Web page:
People with more severe vision impairment are at a higher risk of all-cause mortality as compared to those with normal vision or mild vision impairment, says a new study.
The findings indicated that the risk of mortality was 29 percent higher for participants with mild vision impairment as compared to normal vision. The risk increases to 89 percent among those with severe vision impairment.
“It’s important these issues are addressed early on because losing your vision affects more than just how you see the world; it affects your experience of the world and your life,” said researcher Joshua Ehrlich from the University of Michigan.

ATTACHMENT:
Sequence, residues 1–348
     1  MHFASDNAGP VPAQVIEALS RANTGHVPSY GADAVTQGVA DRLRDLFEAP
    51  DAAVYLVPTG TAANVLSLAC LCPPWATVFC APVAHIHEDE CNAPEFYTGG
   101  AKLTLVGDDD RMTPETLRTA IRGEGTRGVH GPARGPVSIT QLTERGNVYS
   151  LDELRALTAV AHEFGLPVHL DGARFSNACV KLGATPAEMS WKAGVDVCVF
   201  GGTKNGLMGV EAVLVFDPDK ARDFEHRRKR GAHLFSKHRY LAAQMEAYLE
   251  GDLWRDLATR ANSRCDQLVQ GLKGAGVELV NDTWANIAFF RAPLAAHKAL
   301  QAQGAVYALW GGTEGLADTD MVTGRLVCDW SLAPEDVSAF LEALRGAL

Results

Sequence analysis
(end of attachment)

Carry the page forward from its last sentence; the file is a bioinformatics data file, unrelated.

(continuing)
“This analysis provides an important opportunity to promote not only health and wellbeing but also longevity by correcting, rehabilitating, and preventing avoidable vision loss across the globe,” Ehrlich added.
For the study, published in The Lancet Global Health, the research team examined a meta-analysis consisting of 48,000 people from 17 studies to better understand the association between visual disabilities and all-cause mortality.
Importantly, four of five cases of vision impairment can be prevented or corrected. Globally, the leading causes of vision loss and blindness are both avoidable: cataracts and the unmet need for glasses, the team said.